The Asian nation of China now has one of the fastest growing economies in the world. It also has some of the tightest controls of political expression, social activism, free speech and creativity in the arts and entertainment worlds. This summer, China’s ruling Communist Party has been targeting stars in the entertainment industry whom the government feels are a “bad influence” on young people or negative role models. In recent weeks the websites and fan sites of some of the nation’s biggest stars have been taken off China’s Internet, and more are being targeted every day. For example, one of China’s most prominent actresses, Zhao Wei, saw her website removed, her fan page shut down, her movies and TV shows taken off streaming platforms and her name removed from cast lists, CNN News reported. To some observers, the crackdown harks back to the Cultural Revolution that took place between 1966 and 1976 and restricted the arts, culture and entertainment fields to promoting Communist Party propaganda. Then, as now, Party leaders felt the entertainment industry represented a “toxic” threat to the nation’s youth by “advocating wrong values.” Criticism of the entertainment industry is not just something that takes place in China. It also happens in the United States and other nations that pride themselves on having freedom of speech. In the newspaper or online, find and closely read stories about people criticizing entertainers and the values represented by their work. Use what you read to draw an editorial cartoon showing the impact of restricting the work of entertainers. If necessary, use the newspaper or Internet to see how editorial cartoons are drawn.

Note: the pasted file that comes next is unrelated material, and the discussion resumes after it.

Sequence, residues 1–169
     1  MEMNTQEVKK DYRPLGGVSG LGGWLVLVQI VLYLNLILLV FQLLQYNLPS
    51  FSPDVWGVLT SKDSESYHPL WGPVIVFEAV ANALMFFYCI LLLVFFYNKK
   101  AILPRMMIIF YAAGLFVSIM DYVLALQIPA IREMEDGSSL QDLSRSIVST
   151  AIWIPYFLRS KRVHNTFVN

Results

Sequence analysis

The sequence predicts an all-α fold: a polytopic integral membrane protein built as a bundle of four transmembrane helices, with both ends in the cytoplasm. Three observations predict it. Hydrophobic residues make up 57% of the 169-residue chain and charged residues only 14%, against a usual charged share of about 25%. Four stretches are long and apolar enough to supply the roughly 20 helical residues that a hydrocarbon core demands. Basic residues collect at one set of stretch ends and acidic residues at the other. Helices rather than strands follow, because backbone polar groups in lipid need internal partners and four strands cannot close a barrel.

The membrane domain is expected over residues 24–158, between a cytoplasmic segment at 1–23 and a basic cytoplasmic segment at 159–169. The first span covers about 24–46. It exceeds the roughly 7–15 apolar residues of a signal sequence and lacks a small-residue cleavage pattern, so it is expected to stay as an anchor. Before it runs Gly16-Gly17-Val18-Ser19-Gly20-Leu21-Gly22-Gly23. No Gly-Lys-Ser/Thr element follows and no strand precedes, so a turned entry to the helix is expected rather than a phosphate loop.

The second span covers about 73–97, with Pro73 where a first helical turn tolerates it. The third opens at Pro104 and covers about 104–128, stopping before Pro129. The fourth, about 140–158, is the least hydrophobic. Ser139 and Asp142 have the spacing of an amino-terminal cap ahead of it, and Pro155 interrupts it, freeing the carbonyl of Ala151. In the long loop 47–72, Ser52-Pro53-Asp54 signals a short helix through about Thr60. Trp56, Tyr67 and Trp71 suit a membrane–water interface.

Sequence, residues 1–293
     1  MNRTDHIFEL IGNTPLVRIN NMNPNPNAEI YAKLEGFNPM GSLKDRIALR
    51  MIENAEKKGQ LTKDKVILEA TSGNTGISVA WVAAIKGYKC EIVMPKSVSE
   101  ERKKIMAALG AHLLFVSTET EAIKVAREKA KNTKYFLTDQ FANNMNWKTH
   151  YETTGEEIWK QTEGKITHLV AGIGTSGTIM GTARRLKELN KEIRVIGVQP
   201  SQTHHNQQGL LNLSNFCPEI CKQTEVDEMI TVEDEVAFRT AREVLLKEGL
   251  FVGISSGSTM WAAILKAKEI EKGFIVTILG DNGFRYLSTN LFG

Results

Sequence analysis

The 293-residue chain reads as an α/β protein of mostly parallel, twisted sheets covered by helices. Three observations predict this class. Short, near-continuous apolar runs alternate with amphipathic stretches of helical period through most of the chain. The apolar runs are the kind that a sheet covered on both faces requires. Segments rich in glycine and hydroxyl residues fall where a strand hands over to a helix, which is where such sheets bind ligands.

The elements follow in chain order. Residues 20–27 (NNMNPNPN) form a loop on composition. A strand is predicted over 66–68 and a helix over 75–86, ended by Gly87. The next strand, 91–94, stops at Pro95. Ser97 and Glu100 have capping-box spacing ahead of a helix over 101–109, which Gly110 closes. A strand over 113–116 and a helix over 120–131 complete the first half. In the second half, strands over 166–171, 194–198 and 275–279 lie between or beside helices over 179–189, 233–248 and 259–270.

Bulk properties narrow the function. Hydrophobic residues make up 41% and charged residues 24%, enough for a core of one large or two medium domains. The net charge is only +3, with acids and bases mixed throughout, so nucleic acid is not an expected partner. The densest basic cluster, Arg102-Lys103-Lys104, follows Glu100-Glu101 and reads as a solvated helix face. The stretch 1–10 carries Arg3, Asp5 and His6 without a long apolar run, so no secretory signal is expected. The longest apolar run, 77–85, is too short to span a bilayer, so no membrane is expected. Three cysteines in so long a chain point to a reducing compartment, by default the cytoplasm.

Common Core State Standards: Using drawings or visual displays when appropriate to enhance the development of main ideas or points; reading closely what written and visual texts say and to making logical inferences from them.